One of this year's happiest automotive stories is the return of the Z. A
cherished model that has been reincarnated in the spirit of the original, with exciting
looks, potent performance and at a base sticker price below $30,000.
It all began in 1970 with the Datsun 240Z. Back then, sports cars
tended to be aging European roadsters or lumbering V-8-powered muscle cars like the Ford
Mustang or Chevy Camaro. The original 240Z had six cylinders, but its lightweight and
fresh styling created a new market segment for reliable Japanese two-door sports machines.
The Z prospered and as often befalls successful cars it grew in
size. As the Worldwide Nissan nameplate superseded the old Datsun moniker, the 260Z, 280Z,
and finally, 300ZX hit the marketplace. Introduced as a 1990 model, the 300ZX was more of
a beautiful cruiser, and while still a two-seater, its sticker price climbed to over
$40,000 in 1990 dollars.
Sales fell off, and the car was finally cancelled in mid decade.
Since then, the Nissan faithful have been waiting for the return of their icon. Now, in
the midst of a breathtaking renewal of Nissan, they can enjoy their new Z at last.
Today's high tech 350 Z wizardry squeezes out 287 horsepower and 274
lb.-ft. of torque from a dual overhead cam, 24-valve 3.5-liter V6. Nissan uses this engine
elsewhere, but it is more potent in the Z. The engineers redesigned the intake ports,
increased valve lift and reduced exhaust system backpressure for better engine breathing.
The engine uses Continuously Variable Valve Timing Control System (CVTCS) technology to
stay on the boil, and the engineers cooked up just the right exhaust note as a soundtrack.
The car's "drive-by-wire" gas pedal has no mechanical
connection. A device converts pressure on the accelerator into voltages that work with the
car's engine computer to control the throttle. Drive-by-wire technology improves fuel
efficiency and lowers emissions. Posted fuel numbers are 20 city, 26 highway; I averaged
20.7 mpg. Not bad for a sports car with this level of power.
The classic front engine, rear drive, two-seat hatchback
configuration remains. The tapered roofline, long nose and short deck are familiar. The
low angle of the roofline turns an apparently large rear window into a tiny slit from the
The 21st century styling pushes the wheels out to the corners for
greater stability and a meaner, tougher stance. The car is unmistakable, from its
stretched-out triangular taillamps (nothing like the original car), to the blunt nose with
flush mounted headlamp clusters and wide mouth grille, to the jewelry style vertical door
In the tapered, forward leaning cockpit, shapely bucket seats grip
the driver and passenger tightly. As in the original, the dash places a three-gauge
cluster behind the steering wheel and adds three auxiliary gauges at the top of the center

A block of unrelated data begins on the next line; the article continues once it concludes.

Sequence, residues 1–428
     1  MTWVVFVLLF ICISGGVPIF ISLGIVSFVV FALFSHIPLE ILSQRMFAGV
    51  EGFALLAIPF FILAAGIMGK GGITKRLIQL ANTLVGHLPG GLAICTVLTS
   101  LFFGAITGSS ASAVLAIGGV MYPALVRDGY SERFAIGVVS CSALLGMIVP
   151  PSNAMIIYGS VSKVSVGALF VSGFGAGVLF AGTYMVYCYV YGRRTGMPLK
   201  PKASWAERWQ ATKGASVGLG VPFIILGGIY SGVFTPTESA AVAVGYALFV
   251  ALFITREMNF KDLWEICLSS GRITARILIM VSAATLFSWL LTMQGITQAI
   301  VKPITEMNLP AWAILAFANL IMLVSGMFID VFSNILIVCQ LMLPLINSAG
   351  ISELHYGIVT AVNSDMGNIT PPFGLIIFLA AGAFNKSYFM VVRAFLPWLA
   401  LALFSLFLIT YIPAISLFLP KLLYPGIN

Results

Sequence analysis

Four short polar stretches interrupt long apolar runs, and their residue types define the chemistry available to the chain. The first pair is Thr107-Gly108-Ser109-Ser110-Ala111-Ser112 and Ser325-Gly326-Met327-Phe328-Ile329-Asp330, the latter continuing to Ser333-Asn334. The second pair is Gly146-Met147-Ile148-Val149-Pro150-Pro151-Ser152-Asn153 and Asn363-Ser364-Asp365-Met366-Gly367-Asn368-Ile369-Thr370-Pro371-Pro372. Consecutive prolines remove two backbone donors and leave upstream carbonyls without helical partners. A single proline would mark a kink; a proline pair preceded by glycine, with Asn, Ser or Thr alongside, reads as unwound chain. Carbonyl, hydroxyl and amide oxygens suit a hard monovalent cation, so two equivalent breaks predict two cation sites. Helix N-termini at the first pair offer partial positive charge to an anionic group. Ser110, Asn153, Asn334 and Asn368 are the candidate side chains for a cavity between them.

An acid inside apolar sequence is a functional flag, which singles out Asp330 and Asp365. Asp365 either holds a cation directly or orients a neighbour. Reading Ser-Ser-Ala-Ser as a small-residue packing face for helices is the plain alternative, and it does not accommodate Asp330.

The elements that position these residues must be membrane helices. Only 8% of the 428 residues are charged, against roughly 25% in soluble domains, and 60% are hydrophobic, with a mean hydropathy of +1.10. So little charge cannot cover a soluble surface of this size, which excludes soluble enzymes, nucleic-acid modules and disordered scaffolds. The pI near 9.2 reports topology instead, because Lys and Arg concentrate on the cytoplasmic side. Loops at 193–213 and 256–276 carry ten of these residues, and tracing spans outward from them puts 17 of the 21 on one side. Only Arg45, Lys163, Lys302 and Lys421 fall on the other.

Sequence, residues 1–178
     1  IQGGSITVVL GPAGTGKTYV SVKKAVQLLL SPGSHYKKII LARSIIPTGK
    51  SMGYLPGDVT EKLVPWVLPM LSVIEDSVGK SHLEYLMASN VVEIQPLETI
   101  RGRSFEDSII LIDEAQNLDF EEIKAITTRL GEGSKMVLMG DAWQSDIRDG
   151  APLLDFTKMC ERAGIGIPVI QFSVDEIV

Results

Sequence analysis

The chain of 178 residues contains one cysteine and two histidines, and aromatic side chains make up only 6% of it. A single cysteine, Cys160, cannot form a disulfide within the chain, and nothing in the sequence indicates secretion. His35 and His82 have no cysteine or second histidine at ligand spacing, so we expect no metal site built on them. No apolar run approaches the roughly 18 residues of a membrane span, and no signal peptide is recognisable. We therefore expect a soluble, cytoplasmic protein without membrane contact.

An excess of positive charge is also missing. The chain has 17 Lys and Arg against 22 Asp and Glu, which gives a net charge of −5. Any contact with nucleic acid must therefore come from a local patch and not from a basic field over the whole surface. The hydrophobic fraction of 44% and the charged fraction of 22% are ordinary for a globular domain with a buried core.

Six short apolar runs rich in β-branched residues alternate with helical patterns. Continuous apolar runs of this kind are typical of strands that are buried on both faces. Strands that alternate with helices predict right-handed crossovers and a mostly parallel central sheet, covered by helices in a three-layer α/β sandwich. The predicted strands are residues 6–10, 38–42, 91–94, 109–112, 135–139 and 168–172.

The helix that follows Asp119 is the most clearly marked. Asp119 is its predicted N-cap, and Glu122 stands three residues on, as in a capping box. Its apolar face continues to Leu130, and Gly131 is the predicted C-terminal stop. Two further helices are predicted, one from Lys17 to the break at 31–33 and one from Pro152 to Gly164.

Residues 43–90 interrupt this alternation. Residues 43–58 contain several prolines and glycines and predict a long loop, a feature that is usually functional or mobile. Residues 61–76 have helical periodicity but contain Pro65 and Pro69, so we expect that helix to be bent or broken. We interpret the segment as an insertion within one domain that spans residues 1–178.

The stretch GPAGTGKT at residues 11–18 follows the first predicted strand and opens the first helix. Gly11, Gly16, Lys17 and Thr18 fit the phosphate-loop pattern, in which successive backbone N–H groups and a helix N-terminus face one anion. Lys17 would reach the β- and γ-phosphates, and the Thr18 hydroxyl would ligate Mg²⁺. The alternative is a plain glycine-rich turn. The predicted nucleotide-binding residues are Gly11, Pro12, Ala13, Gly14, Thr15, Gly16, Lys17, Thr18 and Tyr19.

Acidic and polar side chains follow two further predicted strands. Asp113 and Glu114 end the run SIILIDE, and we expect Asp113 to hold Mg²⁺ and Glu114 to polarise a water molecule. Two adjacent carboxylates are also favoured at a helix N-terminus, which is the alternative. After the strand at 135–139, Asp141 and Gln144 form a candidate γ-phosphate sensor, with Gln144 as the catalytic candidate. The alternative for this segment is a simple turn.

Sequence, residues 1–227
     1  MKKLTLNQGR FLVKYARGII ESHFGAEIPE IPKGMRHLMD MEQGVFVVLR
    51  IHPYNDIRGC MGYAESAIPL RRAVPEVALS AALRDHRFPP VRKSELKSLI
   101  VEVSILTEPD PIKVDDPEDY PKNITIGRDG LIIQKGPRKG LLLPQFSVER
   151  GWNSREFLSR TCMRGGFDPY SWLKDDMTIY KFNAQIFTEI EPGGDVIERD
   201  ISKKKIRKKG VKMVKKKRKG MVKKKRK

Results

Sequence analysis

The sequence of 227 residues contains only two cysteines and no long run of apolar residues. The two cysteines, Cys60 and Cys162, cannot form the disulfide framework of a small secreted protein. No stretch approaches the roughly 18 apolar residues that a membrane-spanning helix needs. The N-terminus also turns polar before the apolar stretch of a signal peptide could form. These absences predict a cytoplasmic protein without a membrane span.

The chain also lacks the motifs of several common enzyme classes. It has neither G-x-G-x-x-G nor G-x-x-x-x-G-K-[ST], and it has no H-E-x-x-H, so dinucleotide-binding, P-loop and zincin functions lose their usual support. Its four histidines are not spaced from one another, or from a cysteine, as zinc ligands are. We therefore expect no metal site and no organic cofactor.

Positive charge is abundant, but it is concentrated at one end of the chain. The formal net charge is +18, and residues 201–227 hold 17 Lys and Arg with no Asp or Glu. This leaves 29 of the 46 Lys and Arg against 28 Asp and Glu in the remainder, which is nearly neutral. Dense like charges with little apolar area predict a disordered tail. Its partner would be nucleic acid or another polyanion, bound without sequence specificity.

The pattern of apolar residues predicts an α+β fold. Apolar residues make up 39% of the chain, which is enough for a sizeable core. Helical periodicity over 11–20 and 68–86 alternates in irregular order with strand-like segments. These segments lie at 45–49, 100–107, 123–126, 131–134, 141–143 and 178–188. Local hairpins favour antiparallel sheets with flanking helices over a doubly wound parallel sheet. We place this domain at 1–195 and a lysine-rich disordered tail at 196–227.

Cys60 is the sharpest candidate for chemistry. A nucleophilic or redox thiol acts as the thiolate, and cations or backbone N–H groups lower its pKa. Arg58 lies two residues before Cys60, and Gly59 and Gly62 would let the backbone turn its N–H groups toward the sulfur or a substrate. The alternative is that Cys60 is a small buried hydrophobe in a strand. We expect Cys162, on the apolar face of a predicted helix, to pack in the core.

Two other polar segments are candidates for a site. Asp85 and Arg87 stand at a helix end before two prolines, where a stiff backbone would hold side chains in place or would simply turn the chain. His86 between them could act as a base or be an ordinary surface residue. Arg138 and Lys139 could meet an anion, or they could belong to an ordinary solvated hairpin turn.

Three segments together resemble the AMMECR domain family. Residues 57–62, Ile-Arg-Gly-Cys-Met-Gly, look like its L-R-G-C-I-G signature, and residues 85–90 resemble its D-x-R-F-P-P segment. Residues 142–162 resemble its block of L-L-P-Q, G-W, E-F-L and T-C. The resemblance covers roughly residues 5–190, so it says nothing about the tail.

dash. Items not in the original car include aluminum accents on the dash and a trip
computer. This modern day necessity offers a sequential display of digital miles per hour,
outside temperature, distance to empty, average speed, average miles per gallon, and even
gives tire pressure and provides a stopwatch.
Assembly and materials feel excellent throughout, although a pop-out
center console door felt a bit flimsy. In fact, it wore a sticker in three languages
describing the proper way to open and close it (pull out, THEN down). I wonder how many
doors broke off before Nissan issued the warning sticker. This console door needs to be
reengineered ASAP as it detracts from an otherwise pleasant interior.
The new 350Z is very exciting to drive, and you work for it. The
six-speed manual in my car, for example, took some effort to move from gear to gear, and
the clutch action at first seemed like an exercise machine at the gym. Steering is power
assisted but not one bit more than is necessary.
All this makes you feel like you are actually driving the car, not
simply riding in it. Road and Track magazine recorded a 0-60 time of 5.8 seconds, with a
quarter mile in just 14.4 seconds at 99.7 miles per hour. That is almost exactly the same
as a Porsche Boxster S, and faster than all but the most muscular of sports cars.
There are five 350Z models available, two of them starting under
$30,000. The standard Z is hardly a base car, with numerous power conveniences and a batch
of safety equipment, too.
The first step up from base is the Enthusiast model, which adds
Xenon headlamps, cruise control, traction control, a limited-slip differential, aluminum
pedals, and more. The Performance Model adds Vehicle Dynamic Control, tire pressure
monitoring, 18-inch wheels and tires, Xenon headlamps, and more.
The Touring model, like my Silverstone colored test car, adds a
240-watt Bose audio system with six-disc CD player with seven speakers, leather seats with
power adjustment and heating, and more.
The top Z is the Track model, which adds front and rear spoilers,
unique 18-inch wheels, and special vented Brembo high-performance brakes. It is built for
the highest performance, but it could be a bit harsh in daily driving.